A special commission of inquiry into the drug ice has heard that a lack of detox beds in large regional centres is preventing people from getting rehab.
The commission is holding its last regional hearings in the north-west New South Wales town of Moree, where rates of amphetamine use are the fourth-highest in the state.
The shire’s population is just over 13,000, but council waste workers told the inquiry they had found 50,000 used needles in the rubbish last year.
In her opening address, Counsel Assisting the Commission, Sally Dowling SC, told the hearing that there were no alcohol and other drug services for people under the age of 18 in north-western NSW.
David Kelly, from the Maayu Mali Residential Rehabilitation Centre, said ice addiction in Moree ran the gamut of age groups from pre-teens to over 60s.
“We know of a nine-year-old boy who has started to use ice and is physically addicted to ice, and fairly recently, a woman in our program here who was in her mid-60s and she’d only started using ice in her 50s,” he said.
The Maayu Mali Centre has 18 beds, but only four for women, and covers a massive area from Gunnedah in the south, to Bourke and Brewarrina in the west and even the NSW north coast, forcing people to travel away from the support of family and friends to get help.
A lack of detox beds has created a bottleneck, Mr Kelly said, as residential rehabilitation could only be offered to people who have been through detox first.
“For the New England and north-west NSW region, including Brewarrina, Bourke and all of that area, and here in Moree, Narrabri and Gunnedah, there are only four beds and they’re in Armidale, so obviously they’re hugely over subscribed and very difficult to get in to,” he said.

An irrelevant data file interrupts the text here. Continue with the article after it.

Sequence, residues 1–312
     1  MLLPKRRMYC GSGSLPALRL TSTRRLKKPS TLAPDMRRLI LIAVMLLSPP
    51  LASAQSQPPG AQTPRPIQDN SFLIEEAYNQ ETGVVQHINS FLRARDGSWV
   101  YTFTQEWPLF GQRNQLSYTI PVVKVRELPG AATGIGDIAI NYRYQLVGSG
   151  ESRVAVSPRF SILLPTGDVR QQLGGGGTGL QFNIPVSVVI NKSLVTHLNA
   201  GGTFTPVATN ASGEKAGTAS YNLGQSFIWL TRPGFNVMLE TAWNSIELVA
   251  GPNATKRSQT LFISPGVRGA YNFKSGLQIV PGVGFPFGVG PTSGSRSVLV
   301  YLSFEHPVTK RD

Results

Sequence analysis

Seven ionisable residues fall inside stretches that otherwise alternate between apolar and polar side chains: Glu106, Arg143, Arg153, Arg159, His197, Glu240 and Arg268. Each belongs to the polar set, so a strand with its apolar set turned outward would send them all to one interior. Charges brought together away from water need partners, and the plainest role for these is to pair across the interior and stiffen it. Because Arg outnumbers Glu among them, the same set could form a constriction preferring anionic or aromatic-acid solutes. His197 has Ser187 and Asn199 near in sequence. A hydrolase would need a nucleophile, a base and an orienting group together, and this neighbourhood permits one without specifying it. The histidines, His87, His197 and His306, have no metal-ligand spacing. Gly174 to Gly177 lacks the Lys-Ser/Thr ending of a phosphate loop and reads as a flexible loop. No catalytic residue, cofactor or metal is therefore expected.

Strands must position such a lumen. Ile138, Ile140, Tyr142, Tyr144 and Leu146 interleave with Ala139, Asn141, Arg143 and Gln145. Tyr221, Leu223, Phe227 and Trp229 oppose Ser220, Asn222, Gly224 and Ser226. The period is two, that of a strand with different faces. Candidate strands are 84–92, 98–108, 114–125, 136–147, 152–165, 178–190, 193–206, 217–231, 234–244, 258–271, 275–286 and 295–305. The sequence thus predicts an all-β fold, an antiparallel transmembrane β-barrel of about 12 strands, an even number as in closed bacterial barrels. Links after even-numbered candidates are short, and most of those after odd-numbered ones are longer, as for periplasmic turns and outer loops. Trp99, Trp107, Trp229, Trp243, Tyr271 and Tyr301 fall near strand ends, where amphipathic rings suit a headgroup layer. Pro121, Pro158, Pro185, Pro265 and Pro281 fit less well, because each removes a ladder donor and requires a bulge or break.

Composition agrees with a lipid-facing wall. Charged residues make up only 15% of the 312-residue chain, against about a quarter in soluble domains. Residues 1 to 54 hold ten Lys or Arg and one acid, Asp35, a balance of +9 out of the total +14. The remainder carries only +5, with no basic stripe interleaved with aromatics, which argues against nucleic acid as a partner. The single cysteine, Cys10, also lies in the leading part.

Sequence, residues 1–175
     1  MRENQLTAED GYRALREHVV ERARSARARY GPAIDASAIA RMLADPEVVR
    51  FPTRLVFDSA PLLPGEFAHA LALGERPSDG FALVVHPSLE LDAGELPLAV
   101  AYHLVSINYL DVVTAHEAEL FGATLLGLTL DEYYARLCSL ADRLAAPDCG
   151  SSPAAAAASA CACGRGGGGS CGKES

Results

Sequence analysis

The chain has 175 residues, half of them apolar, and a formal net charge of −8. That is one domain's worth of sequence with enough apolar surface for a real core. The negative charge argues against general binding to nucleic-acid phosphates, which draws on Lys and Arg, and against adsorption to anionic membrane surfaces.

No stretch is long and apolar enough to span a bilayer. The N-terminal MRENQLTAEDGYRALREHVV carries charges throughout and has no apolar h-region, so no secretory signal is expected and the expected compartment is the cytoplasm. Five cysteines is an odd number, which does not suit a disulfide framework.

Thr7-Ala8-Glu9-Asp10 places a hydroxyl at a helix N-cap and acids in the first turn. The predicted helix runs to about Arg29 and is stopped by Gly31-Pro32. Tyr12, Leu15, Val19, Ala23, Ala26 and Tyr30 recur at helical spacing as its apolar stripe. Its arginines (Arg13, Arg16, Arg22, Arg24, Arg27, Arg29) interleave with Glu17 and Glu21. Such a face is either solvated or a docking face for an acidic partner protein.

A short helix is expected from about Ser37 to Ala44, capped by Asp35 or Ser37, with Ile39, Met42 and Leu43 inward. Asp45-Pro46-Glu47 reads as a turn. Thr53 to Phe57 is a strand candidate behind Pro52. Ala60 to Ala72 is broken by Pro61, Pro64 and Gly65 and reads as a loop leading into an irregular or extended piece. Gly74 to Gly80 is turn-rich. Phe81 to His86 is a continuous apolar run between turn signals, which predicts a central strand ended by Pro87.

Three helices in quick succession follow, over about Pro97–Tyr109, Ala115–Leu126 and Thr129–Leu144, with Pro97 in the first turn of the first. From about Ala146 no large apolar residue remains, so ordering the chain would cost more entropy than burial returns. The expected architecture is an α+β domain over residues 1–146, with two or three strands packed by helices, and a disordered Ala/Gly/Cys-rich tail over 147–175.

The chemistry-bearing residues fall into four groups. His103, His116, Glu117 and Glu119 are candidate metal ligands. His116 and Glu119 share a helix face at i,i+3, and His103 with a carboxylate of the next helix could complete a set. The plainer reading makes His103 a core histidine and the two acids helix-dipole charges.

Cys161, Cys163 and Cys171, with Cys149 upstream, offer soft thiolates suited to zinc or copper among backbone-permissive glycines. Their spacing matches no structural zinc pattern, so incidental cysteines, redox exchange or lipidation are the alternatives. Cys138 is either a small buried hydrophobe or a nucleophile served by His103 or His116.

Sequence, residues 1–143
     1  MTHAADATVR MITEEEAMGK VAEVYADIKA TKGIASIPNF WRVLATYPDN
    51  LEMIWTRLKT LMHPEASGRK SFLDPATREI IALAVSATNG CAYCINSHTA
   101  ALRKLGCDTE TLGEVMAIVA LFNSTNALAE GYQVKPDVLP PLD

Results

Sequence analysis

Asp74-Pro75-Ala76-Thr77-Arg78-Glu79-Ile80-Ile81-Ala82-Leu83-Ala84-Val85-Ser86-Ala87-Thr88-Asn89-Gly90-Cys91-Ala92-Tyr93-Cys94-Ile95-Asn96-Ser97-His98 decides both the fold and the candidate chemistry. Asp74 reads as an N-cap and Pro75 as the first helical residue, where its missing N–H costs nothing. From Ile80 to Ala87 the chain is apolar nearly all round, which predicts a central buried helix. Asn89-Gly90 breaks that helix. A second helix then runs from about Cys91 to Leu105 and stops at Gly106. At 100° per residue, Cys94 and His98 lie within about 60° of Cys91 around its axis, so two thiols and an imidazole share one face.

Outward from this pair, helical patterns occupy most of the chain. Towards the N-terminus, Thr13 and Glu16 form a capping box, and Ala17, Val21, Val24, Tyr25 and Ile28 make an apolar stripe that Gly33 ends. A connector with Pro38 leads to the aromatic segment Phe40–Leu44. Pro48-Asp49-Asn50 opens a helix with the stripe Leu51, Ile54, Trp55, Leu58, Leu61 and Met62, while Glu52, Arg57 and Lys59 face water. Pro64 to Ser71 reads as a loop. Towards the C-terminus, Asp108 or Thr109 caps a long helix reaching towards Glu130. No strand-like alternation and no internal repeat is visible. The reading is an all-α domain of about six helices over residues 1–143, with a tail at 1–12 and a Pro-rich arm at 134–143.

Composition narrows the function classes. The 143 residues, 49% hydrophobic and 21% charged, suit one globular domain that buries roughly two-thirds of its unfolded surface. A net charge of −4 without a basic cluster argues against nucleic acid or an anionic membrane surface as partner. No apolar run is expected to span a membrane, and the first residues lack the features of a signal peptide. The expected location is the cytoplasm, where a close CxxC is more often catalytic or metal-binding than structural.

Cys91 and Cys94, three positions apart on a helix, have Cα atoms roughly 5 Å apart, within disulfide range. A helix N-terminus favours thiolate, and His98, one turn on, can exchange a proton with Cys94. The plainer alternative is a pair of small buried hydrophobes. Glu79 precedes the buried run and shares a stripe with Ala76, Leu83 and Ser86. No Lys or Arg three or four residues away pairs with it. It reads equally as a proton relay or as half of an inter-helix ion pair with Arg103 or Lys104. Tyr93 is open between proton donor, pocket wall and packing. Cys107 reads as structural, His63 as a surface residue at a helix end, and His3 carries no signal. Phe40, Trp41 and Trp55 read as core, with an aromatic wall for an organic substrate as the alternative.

The inquiry was told Moree had almost twice the rate of children in out-of-home care than the state average, at more than 20 children per 1,000.
A child protection manager employed by the Department of Communities and Justice told the inquiry domestic violence was the main cause of children being taken into care.
Binnie Carter, the manager of child protection/triage at the Moree Community Services Centre, said Aboriginal families in Moree were reluctant to seek treatment for their drug use as they feared authorities would take their children away, raising memories of the Stolen Generations.
“There’s times when we might go into a home and people might still refer to us as ‘the welfare’ so there is that fear that if they do disclose to us, we’re just going to pick their children up and leave that day with them,” she said.
Ms Carter told the inquiry caseworker positions remain vacant for months on end as community services struggle to attract long-term skilled staff.
“We’re not going to get change overnight, where we have embedded long-term, domestic violence, drug use, homelessness, sometimes it could be generational,” Ms Carter told the hearing.
One of their programs runs for 18 months to two years, ideally with the same caseworker.
“Have we seen that in our service? No,” she said.
A lack of drug testing also reduced opportunities for diagnosis and treatment with the nearest facility for random drug testing in Inverell, 150 kilometres from Moree.
“In my [three years] in Moree, we have not successfully completed a 12-week drug testing process,” Ms Carter said.
This article first appeared in abc.net.au; First posted